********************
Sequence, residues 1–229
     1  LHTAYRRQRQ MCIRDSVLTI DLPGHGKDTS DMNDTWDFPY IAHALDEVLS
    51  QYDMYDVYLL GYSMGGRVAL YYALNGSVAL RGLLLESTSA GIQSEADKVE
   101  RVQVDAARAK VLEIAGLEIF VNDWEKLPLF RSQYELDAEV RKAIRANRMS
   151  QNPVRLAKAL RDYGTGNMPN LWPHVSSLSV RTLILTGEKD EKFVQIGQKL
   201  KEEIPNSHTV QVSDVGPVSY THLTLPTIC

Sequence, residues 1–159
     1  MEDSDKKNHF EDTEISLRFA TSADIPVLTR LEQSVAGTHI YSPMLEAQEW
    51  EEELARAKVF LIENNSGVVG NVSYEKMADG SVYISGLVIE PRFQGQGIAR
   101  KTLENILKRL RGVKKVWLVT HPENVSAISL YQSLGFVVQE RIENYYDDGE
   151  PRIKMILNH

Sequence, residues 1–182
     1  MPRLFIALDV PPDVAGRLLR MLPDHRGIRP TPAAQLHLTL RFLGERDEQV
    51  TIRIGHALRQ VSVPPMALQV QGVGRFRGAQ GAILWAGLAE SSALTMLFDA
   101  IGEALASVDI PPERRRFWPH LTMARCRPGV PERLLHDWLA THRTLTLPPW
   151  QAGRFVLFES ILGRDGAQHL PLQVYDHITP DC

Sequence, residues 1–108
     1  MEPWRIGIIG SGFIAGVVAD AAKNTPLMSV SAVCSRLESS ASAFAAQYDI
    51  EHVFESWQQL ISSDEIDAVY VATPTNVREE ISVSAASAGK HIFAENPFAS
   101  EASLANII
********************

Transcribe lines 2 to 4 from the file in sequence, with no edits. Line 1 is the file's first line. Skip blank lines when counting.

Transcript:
     1  LHTAYRRQRQ MCIRDSVLTI DLPGHGKDTS DMNDTWDFPY IAHALDEVLS
    51  QYDMYDVYLL GYSMGGRVAL YYALNGSVAL RGLLLESTSA GIQSEADKVE
   101  RVQVDAARAK VLEIAGLEIF VNDWEKLPLF RSQYELDAEV RKAIRANRMS